The federal government rejected bids to protect James Price Point from gas development when it announced its National Heritage Listing of almost 20 million hectares of the iconic Kimberley region in Western Australia last week.
Federal environment minister Tony Burke explained the decision to apply heritage listing to a portion of the Kimberley: "The west Kimberley is one of the most magnificent parts of the continent and its placement on the National Heritage List will ensure it is protected for future generations."
The decision has drawn criticism with environmentalists, developers and the Western Australia premier, all expressing concern over various aspects of the new protective measure.
The WA state government and mining industry representatives say that the decision adds an unnecessary extra bureaucratic step to the planning process, which will impact on future investment.
But environment groups, some traditional owners and the Greens are concerned the listing doesn't have the capacity to adequately protect the region from inappropriate development.
Burke said: "It is important to recognise national heritage listing is about protecting our nation’s outstanding heritage values by considering them in any development proposal under national environmental law and the listing itself does not prevent development.
"National heritage listing protects heritage values; it is not an automatic lock-up."
However WA Premier Colin Barnett told ABC on September 1: "That decision will affect every existing and proposed project and activity. And I don't see that that will do much to help preserve, protect and rehabilitate parts of the Kimberley."
Mining industry representatives are unhappy with the minister's decision too.
The Association of Mining and Exploration Companies National Policy Manager Graham Short said of the Kimberley, "it is not all pristine and iconic."
"The proposed blanket listing of 19 million hectares in the West Kimberley region of Australia will add an unwarranted and unnecessary layer of approval for all future mineral exploration and mining activities."
Burke's decision affects future investment in the region, Short said: "Western Australia's reputation as a safe place in which to invest will also be severely tarnished."
But environmental groups insist the measures don't go far enough and have denounced Burke's decision not to list the area set to house Woodside's gas processing hub.
"Of particular concern to Save the Kimberley is the omission of non-intertidal parts of the James Price Point area from the listing," said advocacy group Save the Kimberley, who have vowed to continue their campaign to protect the region.
The Greens have said that the heritage listing announcement is further proof of the value of the region. However, Senator Rachel Siewert also expressed disappointment in James Price Point being overlooked.
"It is unfortunate that [the] announcement does nothing to protect the Kimberley from the construction of the proposed LNG factory at James Price Point,” she said.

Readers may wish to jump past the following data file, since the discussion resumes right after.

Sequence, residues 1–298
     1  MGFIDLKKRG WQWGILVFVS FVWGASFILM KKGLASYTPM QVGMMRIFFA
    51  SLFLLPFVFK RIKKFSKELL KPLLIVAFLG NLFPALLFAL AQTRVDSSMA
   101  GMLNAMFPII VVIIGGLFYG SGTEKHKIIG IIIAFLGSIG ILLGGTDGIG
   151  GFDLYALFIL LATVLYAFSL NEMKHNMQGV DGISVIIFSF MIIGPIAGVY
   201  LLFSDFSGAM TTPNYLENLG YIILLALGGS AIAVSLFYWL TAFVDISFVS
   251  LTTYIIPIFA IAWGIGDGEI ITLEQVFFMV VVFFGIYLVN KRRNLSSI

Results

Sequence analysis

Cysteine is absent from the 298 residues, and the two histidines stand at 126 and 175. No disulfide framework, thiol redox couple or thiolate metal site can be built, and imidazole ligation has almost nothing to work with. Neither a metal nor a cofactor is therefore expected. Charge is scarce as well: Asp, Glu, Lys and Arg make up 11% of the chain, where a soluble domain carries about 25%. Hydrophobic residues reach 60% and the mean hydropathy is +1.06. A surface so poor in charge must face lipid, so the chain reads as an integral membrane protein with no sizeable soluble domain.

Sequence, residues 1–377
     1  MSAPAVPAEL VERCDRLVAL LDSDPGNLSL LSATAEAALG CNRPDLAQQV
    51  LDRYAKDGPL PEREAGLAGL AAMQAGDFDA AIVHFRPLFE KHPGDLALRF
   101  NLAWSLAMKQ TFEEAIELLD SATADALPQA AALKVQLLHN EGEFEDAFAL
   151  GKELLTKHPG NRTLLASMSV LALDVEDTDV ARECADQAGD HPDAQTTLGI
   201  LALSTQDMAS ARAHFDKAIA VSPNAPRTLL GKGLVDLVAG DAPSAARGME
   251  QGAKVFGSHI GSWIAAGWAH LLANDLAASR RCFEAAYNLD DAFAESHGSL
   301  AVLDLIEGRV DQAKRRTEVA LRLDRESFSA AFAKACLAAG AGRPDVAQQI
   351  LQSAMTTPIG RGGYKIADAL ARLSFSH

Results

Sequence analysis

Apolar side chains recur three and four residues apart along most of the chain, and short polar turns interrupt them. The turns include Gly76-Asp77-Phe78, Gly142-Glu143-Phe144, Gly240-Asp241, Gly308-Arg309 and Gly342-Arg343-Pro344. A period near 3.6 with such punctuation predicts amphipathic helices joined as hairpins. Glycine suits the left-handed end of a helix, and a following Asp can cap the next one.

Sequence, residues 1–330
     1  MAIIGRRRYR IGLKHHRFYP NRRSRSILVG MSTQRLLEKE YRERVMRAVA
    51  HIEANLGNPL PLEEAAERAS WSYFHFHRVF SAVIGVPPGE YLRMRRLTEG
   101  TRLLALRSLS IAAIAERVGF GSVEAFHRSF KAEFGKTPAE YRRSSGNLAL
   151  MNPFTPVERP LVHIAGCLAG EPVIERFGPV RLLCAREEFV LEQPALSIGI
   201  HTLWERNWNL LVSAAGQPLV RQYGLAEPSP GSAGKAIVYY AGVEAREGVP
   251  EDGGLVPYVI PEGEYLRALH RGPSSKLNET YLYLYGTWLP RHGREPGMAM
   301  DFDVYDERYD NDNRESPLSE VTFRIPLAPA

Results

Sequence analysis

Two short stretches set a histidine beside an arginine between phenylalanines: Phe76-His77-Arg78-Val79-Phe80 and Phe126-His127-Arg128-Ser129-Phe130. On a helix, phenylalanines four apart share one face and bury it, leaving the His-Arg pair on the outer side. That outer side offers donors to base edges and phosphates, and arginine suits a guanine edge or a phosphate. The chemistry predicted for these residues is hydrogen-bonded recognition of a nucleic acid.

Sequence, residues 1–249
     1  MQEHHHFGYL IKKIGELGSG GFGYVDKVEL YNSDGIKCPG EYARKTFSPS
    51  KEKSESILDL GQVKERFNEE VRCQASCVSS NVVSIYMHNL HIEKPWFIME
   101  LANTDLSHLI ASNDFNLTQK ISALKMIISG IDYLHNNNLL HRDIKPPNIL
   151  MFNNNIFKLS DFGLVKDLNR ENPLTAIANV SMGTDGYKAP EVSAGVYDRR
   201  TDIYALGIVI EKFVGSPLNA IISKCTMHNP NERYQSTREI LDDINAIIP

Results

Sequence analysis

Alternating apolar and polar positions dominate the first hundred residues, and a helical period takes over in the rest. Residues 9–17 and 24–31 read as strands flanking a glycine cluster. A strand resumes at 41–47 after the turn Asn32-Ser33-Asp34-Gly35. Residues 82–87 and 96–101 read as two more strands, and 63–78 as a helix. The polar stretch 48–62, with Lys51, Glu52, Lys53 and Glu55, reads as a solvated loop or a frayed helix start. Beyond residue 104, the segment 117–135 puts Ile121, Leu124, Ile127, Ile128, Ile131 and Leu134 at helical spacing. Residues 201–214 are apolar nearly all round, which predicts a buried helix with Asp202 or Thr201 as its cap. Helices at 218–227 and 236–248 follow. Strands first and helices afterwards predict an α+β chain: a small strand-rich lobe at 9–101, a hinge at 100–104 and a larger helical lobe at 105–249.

"The wider issues surrounding the James Price Point development are not going to disappear. The high level of concerns about the social and environmental impact of the project, the Native Title process undertaken and the longer term implications for the Kimberley must all still be dealt with."
Burke's decision also prompted a surprise announcement from former Kimberley Land Council executive director Wayne Bergmann who was instrumental in negotiating the $1.5bn deal between Woodside and traditional owners of the James Price Point site to allow the project.
Bergmann withdrew his support explaining there are no plans to deal with the social impacts of the project, a factor he cites as having been key in gaining support from traditional landowners for the development.
He said that Burke should therefore not approve the development.
Protesters at the ongoing blockade of Woodside's $30 billion gas processing project at James Price Point agree.
Burke's Heritage Listing announcement comes after several recent arrests at the blockade.
Two women were arrested after locking on to a cement filled 44-gallon drum in the middle of an access road, successfully halting the convoy of workers attempting to get to the development site.
"It's expected that it's going to be extremely difficult for us to be removed. We're both very committed to being here for a long time because we'd like to stop Woodside trucks from getting in here and resuming their unapproved work on this amazing country," one of the protesters said in a video published by advocacy group Save the Kimberley who are coordinating the blockade against Woodside.
Another woman locked on to a piece of equipment.
All three women were locked on in protest for over 30 hours. They vow to continue their campaign to protect the region.
Save the Kimberley explained: "The Kimberley is too special to be sold out to multinational oil, gas and mining companies."